Recycled materials

Learn about the applications and specifications of common recycled products with proven performance in road networks, including:

Crumb rubber

Crumb rubber is recycled rubber produced from end-of-life truck and car tyres. According to the SA EPA Guideline 183/10 Waste Tyres, end-of-life tyres can cause issues in landfills due to their relatively low-density ratio when stacked.

During the recycling process, steel and textiles are removed and the crumb rubber is formed following a series of mechanical grinding or chemical cryogenic cracking. The particle size of the crumb rubber can be adjusted depending on its intended application. A major benefit of mechanical processing is the retention of the elastomer’s properties as the polymers within the particles remain largely intact. As such, they have been identified as a source of high-value waste products which can be used within the context of circular economies. 

Content in roads

For both sprayed seals and asphalt applications, crumb rubber is typically added in quantities of 10 to 20 wt.% of the binder via the wet method or up to 2.5 to 3% by mass of mixture via a dry method.


The potential applications of end-of-life tyres in road and transport infrastructure are:

  • asphalt and spray seals
  • embankment fill
  • slope stabilisation 
  • stabilisation of expansive soils
  • crumb rubber concrete
  • drainage backfill material
  • footpaths, tree protection zones, car parks, driveways
  • ports, riverbank, and coastal stabilisation.


In Australia, many states and territories have developed specifications for crumb rubber used in sprayed seals and more recently asphalt mixes. Furthermore, other organisations such as Austroads and the Australian Flexible Pavements Association have developed guidelines and/or specifications on their use. See a summary of relevant guidance documents (Table 4.1).

Recycled plastics

Plastics are typically high molecular weight organic materials comprised of long chains of carbon, hydrogen, and traces of other compounds. Most plastics are derived from petrochemicals, while many, such as natural rubber, silk, and cellulose, are natural. Some plastics can be mechanically, chemically, or biologically recycled into new products.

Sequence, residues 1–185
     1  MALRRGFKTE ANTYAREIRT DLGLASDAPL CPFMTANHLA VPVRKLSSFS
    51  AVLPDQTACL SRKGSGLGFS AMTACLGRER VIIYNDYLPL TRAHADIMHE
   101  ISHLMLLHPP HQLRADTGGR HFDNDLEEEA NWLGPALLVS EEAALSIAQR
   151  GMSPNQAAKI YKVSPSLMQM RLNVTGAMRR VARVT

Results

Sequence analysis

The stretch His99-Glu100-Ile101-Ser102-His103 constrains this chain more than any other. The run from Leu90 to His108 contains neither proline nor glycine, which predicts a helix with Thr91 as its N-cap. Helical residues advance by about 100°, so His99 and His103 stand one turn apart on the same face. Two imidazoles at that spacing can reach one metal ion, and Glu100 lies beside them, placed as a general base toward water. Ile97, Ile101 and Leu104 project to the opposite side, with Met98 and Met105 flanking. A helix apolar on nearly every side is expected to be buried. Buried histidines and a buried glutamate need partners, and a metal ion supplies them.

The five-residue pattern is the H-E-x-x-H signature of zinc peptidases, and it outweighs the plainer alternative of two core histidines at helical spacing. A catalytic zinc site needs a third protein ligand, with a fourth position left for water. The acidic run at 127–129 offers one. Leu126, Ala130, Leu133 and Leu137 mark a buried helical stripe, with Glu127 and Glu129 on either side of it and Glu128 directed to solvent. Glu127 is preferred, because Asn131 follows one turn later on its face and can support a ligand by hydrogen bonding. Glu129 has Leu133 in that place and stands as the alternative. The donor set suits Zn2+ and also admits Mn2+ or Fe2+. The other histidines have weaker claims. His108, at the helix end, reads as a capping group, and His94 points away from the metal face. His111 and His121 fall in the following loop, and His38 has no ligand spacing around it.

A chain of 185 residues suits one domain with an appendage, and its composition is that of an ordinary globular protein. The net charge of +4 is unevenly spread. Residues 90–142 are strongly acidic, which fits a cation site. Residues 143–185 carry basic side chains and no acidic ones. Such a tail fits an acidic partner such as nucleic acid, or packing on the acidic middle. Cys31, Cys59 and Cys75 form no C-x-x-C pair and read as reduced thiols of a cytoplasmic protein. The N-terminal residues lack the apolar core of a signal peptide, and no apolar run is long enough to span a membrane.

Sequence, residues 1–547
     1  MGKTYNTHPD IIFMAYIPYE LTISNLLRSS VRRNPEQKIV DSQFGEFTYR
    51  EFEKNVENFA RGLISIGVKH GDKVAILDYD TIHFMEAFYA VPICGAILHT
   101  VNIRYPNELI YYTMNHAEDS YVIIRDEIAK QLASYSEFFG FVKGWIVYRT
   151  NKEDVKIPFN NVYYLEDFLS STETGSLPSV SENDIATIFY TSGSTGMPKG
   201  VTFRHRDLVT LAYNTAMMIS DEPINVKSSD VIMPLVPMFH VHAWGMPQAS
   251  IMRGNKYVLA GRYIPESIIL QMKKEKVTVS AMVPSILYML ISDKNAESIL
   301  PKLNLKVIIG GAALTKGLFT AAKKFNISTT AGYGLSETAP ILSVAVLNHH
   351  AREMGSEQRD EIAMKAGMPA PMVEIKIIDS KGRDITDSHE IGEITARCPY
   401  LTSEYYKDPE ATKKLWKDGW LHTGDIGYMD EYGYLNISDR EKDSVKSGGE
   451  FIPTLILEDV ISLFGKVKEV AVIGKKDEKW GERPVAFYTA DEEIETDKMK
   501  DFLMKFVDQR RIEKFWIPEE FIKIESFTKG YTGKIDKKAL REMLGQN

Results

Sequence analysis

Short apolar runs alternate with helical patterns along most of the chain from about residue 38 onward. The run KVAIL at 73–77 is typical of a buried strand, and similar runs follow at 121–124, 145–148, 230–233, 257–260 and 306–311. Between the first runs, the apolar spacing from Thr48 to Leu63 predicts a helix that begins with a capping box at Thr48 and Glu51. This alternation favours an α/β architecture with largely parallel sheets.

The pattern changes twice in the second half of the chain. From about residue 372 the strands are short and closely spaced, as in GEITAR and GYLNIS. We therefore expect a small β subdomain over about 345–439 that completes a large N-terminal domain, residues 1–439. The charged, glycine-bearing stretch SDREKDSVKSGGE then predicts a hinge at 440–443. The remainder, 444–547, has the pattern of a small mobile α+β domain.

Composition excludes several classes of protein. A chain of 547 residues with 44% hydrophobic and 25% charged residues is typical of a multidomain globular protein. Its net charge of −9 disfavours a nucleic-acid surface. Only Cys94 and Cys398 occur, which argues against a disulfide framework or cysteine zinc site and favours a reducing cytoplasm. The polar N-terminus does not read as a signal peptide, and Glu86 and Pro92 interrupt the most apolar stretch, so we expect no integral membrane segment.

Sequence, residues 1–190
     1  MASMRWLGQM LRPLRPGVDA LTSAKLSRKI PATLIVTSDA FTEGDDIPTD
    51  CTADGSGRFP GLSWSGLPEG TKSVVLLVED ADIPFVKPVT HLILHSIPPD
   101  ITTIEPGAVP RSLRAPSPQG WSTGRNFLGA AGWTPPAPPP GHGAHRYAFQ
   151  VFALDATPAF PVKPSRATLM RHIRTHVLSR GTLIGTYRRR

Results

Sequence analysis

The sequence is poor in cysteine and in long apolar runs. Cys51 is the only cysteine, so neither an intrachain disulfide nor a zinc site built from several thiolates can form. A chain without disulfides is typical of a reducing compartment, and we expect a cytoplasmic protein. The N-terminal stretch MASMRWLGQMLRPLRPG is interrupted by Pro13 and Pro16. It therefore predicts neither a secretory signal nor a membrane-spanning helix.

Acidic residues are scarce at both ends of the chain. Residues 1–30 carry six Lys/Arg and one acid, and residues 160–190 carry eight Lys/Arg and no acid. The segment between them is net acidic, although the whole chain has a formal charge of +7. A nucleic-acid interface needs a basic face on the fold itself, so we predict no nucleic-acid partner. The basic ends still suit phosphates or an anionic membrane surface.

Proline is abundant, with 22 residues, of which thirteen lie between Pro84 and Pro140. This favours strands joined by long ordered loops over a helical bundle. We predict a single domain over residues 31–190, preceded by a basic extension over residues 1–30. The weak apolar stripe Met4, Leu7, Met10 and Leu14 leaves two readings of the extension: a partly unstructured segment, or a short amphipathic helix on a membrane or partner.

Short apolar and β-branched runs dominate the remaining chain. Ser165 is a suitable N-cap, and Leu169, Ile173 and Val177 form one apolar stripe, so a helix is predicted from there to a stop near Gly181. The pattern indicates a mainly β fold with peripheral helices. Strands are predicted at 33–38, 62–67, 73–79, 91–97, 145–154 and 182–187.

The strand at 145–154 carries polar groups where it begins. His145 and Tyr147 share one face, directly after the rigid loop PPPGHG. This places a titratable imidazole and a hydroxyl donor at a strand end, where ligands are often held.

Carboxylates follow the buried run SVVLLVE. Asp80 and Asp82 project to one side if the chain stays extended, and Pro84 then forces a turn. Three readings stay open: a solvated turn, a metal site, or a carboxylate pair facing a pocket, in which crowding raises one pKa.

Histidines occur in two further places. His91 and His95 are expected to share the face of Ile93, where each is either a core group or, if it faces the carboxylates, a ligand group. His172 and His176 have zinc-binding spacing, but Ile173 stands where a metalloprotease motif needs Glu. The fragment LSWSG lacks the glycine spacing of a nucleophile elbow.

Content in roads

Recycled plastics may be added in concentrations around 0.2 to 0.3% by mass of the asphalt mix via the wet process or around 1% by mass of the asphalt via the dry process.


Potential applications of recycled plastics in road and transport infrastructure include:

  • ancillary and aesthetics
  • shared user paths
  • geogrids and geotextiles
  • recycled plastic pipes
  • concrete (as fibre reinforcement and fine aggregate replacement)
  • plastic derived products
  • within asphalt and spray seals.


There are currently no specifications for the use of recycled plastics in asphalt.

Recycled crushed glass

Recycled crushed glass is a mixture of different colours and types of glass derived from consumer and construction and demolition waste streams. The glass is collected, sometimes cleaned, and crushed into fine or coarse particles, depending on its intended application.

The higher quality recycled crushed glass is used for packaging, while the remaining can be used as filter media for water quality projects, abrasive material in sandblasting of ships, or road base and sub-base applications. 

Content in roads

SA does not have a specification for recycled crushed glass in pavement applications. In other states and territories in Australia however, up to 20 wt.% may be used in granular pavements, a content which reaches up to 30 wt.% overseas. Asphalt applications (excluding surfacing) may contain up to 10 wt.% in Australia, and up to 15 wt.% overseas. For asphalt surfacing, different Australian authorities allow for up to 5 wt.% of recycled crushed glass.


The potential applications of recycled crushed glass in road infrastructure are:

  • embankment and structural fill
  • subgrade material
  • drainage layers, backfill and bedding material
  • concrete
  • asphalt and granular materials.


Table 4.4 summarises the proposed upper limits for the incorporation of recycled crushed glass in various pavement applications, as specified by Australian road agencies.

Granular and asphalt materials testing and evaluation

Recycled crushed glass should meet the aggregate testing and standard requirements to be considered for the replacement of virgin materials. It can be assessed through the methods listed in Table 4.10. In addition, it should be free from ceramics, cathode ray tubes, fluorescent light fittings, and laboratory glassware.

Austroads (2022) provides a summary of the minimum requirements for partial aggregate replacement with recycled crushed glass in various transport applications referencing relevant Australian, New Zealand, and other international specifications.